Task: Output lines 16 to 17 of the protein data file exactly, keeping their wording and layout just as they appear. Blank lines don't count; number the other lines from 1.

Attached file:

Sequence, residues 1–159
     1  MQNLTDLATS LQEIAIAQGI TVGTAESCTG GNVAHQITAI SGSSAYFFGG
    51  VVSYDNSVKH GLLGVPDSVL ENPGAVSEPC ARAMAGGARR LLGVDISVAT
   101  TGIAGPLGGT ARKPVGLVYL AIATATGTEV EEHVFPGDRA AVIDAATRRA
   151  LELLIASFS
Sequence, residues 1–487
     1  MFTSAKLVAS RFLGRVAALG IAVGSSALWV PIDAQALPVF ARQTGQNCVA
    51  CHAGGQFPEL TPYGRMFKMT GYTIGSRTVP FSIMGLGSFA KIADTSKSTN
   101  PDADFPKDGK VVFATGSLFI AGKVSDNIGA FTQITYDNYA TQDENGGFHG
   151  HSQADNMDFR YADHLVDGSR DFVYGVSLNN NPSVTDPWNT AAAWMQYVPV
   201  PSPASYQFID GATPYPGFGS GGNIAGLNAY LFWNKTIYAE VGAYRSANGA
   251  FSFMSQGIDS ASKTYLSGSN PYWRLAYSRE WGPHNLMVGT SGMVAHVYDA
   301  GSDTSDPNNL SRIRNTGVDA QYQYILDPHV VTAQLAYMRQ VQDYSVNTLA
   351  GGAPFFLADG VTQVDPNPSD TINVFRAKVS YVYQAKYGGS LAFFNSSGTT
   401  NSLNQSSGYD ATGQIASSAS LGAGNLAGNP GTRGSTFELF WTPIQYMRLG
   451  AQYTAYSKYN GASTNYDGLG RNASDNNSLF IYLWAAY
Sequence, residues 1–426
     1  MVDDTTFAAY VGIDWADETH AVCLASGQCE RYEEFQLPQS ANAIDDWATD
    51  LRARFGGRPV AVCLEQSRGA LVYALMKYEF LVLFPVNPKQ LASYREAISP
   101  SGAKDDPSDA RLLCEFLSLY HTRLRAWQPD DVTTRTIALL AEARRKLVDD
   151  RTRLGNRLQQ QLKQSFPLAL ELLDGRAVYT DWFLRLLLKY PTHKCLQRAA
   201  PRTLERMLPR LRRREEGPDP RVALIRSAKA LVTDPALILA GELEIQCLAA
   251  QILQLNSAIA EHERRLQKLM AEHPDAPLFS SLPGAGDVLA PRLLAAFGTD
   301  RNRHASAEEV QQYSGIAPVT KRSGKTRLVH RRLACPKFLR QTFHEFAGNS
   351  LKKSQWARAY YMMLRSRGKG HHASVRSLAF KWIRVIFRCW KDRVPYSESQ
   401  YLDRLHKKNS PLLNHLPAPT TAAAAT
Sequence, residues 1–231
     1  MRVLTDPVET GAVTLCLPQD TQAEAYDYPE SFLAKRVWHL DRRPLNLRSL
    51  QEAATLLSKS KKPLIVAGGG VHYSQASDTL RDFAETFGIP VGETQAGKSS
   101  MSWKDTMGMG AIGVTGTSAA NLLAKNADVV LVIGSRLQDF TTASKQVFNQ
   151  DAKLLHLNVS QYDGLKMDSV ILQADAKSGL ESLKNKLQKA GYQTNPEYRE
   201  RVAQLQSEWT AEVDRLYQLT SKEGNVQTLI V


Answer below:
   451  AQYTAYSKYN GASTNYDGLG RNASDNNSLF IYLWAAY
Sequence, residues 1–426